VIFF 2014 Films

Style In Film

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What is style in film and why is it so important?

Each year a bumper crop of films brimming with style, art, fashion and cinematic aesthetic will inspire trends, enliven our senses, enlighten our minds and entertain our hearts and souls. All we have to do is be open to the experience.

So what exactly is style in film and what can we expect from VIFF’s Style in Film Series?

Perhaps the most obvious show of style in film is fashion. Remember Breakfast at Tiffany’s? Arguably the most iconic style film of all time, director Blake Edwards defined style and positioned Audrey Hepburn as a style icon from 1961 until the end of time.

In recent years we have been enlightened by plethora of other films focusing on those who inspire style and set trends. From fashion moguls Anna Wintour in  The September Issue and Diana Vreeland, to propagators of style such as Bill Cunningham and Ari Seth Cohen, whose film Advanced Style featured in VIFF’s Style in Film Series, embolden women to feel stylish at any age.

However, style is not just found in clothes, it can be exhibited in a cinematic aesthetic, sometimes a calling card for filmmakers such as Wes Anderson and Pedro Almodevar, whose distinct artistry create a visual language throughout their body of work.

Sometimes style in film is a choice that supports a narrative or character arc. In 2013 Spike Jonze‘s Her, futuristic aesthetic was intricately and beautifully juxtaposed against Joaquin Pheonix’s high-wasted 1930’s style pants. Tom Ford’s directorial debut in 2009, A Single Man, flawlessly embodied style in film, where each fine cinematic detail left us staring into the dark abyss of loneliness alongside Colin Firth.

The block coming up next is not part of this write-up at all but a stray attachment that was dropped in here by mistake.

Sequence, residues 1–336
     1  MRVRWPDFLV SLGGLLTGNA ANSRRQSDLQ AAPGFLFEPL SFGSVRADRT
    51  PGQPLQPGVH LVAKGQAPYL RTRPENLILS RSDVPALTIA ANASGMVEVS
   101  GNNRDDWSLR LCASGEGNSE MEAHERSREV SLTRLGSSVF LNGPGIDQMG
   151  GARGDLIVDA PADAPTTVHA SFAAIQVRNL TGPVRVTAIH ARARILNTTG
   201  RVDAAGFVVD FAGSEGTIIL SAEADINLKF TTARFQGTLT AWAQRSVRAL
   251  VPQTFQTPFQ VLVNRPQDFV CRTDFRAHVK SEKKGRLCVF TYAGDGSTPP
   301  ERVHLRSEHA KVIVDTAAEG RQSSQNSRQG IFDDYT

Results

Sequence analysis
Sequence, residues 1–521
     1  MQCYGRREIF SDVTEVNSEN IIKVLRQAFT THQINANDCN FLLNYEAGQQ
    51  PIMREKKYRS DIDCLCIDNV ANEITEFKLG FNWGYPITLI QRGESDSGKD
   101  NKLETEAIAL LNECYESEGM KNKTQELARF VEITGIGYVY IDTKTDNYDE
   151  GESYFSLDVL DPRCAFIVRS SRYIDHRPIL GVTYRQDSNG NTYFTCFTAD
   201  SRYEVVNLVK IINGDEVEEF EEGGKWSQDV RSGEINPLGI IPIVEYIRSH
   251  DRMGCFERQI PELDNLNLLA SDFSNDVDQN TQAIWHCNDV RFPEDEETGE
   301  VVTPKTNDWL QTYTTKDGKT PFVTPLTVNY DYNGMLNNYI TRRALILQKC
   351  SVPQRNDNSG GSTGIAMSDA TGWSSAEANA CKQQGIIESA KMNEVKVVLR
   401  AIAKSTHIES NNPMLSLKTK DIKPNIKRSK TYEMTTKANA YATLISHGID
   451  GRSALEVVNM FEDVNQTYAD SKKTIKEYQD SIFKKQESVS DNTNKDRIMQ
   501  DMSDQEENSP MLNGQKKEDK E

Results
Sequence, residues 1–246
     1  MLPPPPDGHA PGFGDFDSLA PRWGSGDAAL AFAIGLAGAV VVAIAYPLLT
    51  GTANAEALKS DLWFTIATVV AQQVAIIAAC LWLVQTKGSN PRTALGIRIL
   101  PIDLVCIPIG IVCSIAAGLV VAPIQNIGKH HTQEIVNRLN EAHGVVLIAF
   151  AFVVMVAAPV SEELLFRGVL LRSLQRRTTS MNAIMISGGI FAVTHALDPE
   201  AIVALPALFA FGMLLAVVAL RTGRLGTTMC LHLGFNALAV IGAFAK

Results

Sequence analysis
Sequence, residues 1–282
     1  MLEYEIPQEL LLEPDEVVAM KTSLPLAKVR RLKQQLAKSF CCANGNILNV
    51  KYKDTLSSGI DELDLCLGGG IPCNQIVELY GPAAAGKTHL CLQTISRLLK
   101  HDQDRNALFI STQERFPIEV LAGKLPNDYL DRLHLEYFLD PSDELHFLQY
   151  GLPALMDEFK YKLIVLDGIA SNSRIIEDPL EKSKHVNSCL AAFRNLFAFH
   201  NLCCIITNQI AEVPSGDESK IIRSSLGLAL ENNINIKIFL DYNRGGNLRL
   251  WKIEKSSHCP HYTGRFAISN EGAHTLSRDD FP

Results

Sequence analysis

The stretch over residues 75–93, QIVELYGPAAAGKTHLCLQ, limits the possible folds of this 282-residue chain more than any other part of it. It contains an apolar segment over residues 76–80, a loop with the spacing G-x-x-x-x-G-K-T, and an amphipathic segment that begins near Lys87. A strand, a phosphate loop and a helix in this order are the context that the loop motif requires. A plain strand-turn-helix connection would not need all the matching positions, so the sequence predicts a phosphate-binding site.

Mastery of style, like that exemplified by Sophia Coppola’s Marie Antoinette can even transport us to a different era altogether. This years’, The Two Faces of January, based on a book by the iconic Patricia Highsmith, has been lauded for its stunning 1960’s stylization.

And then there is the portrait of the creators of fashion themselves. Films about fashion trailblazers such as Coco Channel, Christian Dior and this year, Yves Saint Laurent, give us a behind-the-scenes view of the lives lived and pain endured for the sake of art, bringing an appreciation and perspective on the artists themselves; their muses, vices and own influences.

VIFF’s Style in Film Series weaves together all of these elements that constitute ‘style in film’ – all you need to do is show up with an open mind and let these icons of style inspire you through their unique interpretations of an art that permeates all areas of our lives.

Jacqueline Dupuis
VIFF Executive Director

To check out the Style In Film Series this year and get your  tickets today, click here.

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